Male Factor Infertility: Testosterone Levels

September 18th, 2007
Posted By:

Plant (c) Lynda Bernhardt

Testosterone is the male hormone that affects sexual features and development. The amount of testosterone in a man’s body is controlled by the pituitary gland. If the level is low, then the pituitary gland releases luteinizing hormone (LH), which tells the testicles to make more testosterone. An issue with either the pituitary gland or the testicles can result in a low testosterone level. See Testosterone for more on this subject.

If a man has low levels of testosterone in his body, then his body might make a reduced number of sperm, resulting in a low sperm count. If a man’s sperm count is too low, then he might have trouble conceiving a child. Determining whether a low testosterone level is causing the low sperm production is part of the fertility screening for a man.

A doctor can determine whether a man’s testosterone level is low through a simple blood test. Because testosterone levels are highest in the morning, the doctor might want to schedule the blood to be drawn at that time. However, no other special preparation is needed before having this test performed. Test results should be completed in a couple of days.

Your doctor might also want to check your LH levels to see how they are working in conjunction with your testosterone production. Viewing both of these results together can narrow down whether the problem is originating in the testicles or with the pituitary gland. See Testosterone for more on this topic.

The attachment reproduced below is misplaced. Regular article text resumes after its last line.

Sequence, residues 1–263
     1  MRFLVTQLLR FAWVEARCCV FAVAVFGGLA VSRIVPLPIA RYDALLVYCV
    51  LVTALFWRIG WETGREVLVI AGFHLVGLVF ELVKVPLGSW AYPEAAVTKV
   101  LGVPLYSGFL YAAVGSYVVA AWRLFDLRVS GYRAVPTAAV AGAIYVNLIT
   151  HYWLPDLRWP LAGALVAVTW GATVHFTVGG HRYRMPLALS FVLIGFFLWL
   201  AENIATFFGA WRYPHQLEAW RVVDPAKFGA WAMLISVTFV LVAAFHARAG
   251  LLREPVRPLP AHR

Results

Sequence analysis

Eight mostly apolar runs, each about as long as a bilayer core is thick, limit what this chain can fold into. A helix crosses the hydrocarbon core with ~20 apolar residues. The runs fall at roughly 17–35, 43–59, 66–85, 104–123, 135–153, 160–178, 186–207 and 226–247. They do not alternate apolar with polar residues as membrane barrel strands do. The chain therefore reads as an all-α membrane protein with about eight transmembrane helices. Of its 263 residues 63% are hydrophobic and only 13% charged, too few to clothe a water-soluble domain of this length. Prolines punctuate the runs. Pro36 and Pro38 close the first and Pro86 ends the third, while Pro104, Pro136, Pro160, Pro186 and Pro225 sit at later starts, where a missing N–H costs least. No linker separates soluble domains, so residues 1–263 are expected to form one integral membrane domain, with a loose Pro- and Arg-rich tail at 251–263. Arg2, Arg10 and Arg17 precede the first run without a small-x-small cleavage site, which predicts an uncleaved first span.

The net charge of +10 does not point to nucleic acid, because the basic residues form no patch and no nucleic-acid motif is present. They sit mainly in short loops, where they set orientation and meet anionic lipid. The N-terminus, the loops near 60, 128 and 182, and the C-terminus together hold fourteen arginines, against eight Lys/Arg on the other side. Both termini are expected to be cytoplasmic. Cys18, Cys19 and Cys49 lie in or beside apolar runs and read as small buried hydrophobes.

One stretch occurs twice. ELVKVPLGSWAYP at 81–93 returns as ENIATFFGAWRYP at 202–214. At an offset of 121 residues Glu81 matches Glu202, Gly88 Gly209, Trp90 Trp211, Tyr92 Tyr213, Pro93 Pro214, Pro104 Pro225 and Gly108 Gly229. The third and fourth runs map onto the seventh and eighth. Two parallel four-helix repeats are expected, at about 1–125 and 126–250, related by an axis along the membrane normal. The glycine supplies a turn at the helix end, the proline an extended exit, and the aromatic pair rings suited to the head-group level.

Some of the possible causes of low testosterone levels include the following:

  • Chronic alcohol use
  • Chronic illness
  • Down Syndrome
  • Injury to the testicles
  • Klinefelter Syndrome
  • Liver disease
  • Pituitary gland issues
  • Slow development of testicles

Once your doctor has determined that your testosterone level is low, he will guide you about the next step. Your doctor might encourage you to try conceiving through one of the methods that are more successful for conceiving with low sperm counts, such as intrauterine insemination (IUI) or in vitro fertilization (IVF).

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  5. Fertility Diagnostics: Blood Work

One Response to “Male Factor Infertility: Testosterone Levels”

  1. Rose Says:

    Im not young anymore and so is my husband. We have been trying to get pregnant but luck isn’t on our side. We are planning to have his testosterone levels checked soon. Do you think this is in any relation to our “fertility challenges?”

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